Where to eat in and around MouseholePosted by Bethany Walton on Updated on
Seafood suppers and family-friendly dining
Nestled on the very edge of Cornwall’s west coast and kissed by salty seas, Mousehole is synonymous with fresh-off-the-boat seafood and postcard-worthy views. For those wishing to sample a little bit of both, we’ve rounded up the best restaurants, delis and traditional pubs to try during a trip to this beautiful corner of the coast.
From handpicked crab linguine to exquisite shellfish dishes in nearby Newlyn, let us take you on a foodie tour of Mousehole and its surrounding areas.
Sitting on the edge of the harbour, 2 Fore Street is renowned for its delicious fresh fish and elevated wine list. Taking inspiration from French bistros, this small restaurant is beautifully romantic with candlelit tables and beamed ceilings. In the summer months, dine al fresco in their palm-lined garden or opt for artisan lunches on the beach from their latest venture, No.1 Millpool Deli Store.
Their menu changes regularly depending on the season and the fisherman’s daily haul, but it always places an emphasis on local produce and high-quality ingredients. Begin with zingy salt and pepper squid or smoked mackerel pâté before moving on to the shellfish risotto, paired with a glass of crisp pinot grigio. Catering to every taste, they also have an array of vegetarian and vegan dishes with delicious curries, burgers and soufflés often on the menu. For those visiting with little ones, their children’s menu includes fresh pesto linguine, crispy fish goujons and mini moules marinière.
Also open for breakfast, make 2 Fore Street your first port of call before a day spent exploring the ancient fishing village. Serving up warm pastries, French toast and smoked salmon scrambled eggs, there’s no better place to savour an early start than here.
© Mousehole Deli & Kitchen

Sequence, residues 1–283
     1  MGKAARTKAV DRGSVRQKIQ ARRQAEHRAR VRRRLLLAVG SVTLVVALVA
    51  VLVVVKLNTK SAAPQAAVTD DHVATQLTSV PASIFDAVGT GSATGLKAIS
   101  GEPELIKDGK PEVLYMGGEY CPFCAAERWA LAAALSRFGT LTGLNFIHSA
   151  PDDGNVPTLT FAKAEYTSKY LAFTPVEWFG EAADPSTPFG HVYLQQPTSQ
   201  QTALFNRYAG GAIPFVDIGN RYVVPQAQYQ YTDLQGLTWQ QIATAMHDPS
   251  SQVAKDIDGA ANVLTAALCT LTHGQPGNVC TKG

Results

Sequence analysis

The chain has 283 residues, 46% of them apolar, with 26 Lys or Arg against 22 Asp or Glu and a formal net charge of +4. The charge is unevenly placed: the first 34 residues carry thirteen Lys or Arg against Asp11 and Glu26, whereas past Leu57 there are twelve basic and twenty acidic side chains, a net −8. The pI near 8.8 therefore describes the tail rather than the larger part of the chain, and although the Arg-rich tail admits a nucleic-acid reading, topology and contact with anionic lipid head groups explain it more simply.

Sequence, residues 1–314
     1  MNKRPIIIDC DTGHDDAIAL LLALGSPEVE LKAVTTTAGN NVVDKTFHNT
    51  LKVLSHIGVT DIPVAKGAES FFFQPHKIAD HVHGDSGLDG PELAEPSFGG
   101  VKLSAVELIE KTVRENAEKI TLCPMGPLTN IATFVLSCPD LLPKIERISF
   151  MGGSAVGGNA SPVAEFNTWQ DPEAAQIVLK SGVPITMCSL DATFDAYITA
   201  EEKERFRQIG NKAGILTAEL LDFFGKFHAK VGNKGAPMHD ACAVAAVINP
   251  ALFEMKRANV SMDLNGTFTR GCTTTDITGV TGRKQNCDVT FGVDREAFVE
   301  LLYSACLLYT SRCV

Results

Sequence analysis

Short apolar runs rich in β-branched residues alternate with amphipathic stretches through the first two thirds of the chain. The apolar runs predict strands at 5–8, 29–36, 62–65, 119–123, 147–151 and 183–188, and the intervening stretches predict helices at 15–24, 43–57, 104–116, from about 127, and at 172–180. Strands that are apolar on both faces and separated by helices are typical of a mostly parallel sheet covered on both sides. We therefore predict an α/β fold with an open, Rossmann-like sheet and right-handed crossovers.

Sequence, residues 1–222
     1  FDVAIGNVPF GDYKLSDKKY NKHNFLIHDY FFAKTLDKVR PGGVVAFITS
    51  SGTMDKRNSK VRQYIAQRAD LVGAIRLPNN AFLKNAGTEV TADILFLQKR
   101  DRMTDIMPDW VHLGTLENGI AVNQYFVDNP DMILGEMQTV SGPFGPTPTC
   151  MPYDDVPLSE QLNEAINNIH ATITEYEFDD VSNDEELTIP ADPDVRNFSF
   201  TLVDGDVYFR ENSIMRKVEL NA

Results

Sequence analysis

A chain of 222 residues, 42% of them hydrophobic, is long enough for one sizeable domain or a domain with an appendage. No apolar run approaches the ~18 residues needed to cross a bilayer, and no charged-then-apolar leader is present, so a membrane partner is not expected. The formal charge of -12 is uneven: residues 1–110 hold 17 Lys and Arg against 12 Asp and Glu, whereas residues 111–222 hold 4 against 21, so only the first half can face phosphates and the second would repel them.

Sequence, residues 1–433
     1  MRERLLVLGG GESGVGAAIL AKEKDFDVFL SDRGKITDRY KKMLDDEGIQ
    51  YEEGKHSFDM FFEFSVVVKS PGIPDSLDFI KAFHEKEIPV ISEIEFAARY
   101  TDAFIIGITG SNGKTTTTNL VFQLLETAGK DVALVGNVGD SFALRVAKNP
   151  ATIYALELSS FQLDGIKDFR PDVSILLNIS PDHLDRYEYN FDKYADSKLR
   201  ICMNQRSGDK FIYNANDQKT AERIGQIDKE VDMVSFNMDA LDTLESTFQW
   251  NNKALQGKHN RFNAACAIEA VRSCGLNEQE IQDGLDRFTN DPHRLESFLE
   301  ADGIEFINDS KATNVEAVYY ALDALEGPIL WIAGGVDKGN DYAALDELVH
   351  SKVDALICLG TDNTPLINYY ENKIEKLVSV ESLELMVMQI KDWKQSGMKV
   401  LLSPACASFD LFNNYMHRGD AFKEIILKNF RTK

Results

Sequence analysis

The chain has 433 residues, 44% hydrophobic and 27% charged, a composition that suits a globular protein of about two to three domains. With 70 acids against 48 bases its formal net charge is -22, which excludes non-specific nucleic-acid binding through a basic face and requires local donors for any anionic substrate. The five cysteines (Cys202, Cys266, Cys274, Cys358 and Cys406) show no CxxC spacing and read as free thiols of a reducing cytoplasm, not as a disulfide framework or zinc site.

Often found with a long queue out the door, Mousehole’s Deli sits right on the waterfront and is known for its friendly service and carefully curated menu. Recognisable for its soft pink exterior and well-stocked bar, it’s easy to see why this has become one of Mousehole’s most-loved foodie spots with many travelling from further afield for its superb menu and drinks list.
Sourcing their ingredients from nearby waters, fields and dairies, expect toasty pasties, filled sandwiches and beer-battered scallops on their takeaway menu. Meanwhile, the restaurant is open from breakfast through to supper. Whether it’s a flat white and poached eggs that you’re after or a fresh crab salad served with salty skin on fries, their menu is full to the brim with delicious all-day plates.
With autumn now in full swing, it's worth booking a table on a Sunday. Serving up hearty roast lunches with seasonal veggies, fluffy potatoes and enviable Yorkshire puddings, it's well worth a visit. Offering two courses for £25, be sure to delve into their sticky toffee ginger cake for afters too.
Located not far from Mousehole’s idyllic sea pool, The Old Coastguard enjoys elevated views above the water with a suntrap balcony ready for summer dining. Having been featured in many Good Food Guides over the years, it's no wonder it also received a Gold Award from Taste of the West in 2020 too. Headed up by Danny Garland, the menu has been developed to capture its setting beside the sea, while introducing subtle flavours of faraway lands. Fresh fish is delivered daily, so be sure to check the specials menu before deciding on your starter and main course. For those wishing to delve into the finest seafood dishes while in Mousehole, begin with their fish stew served with warm sourdough before moving onto dayboat sardines and tangy labneh.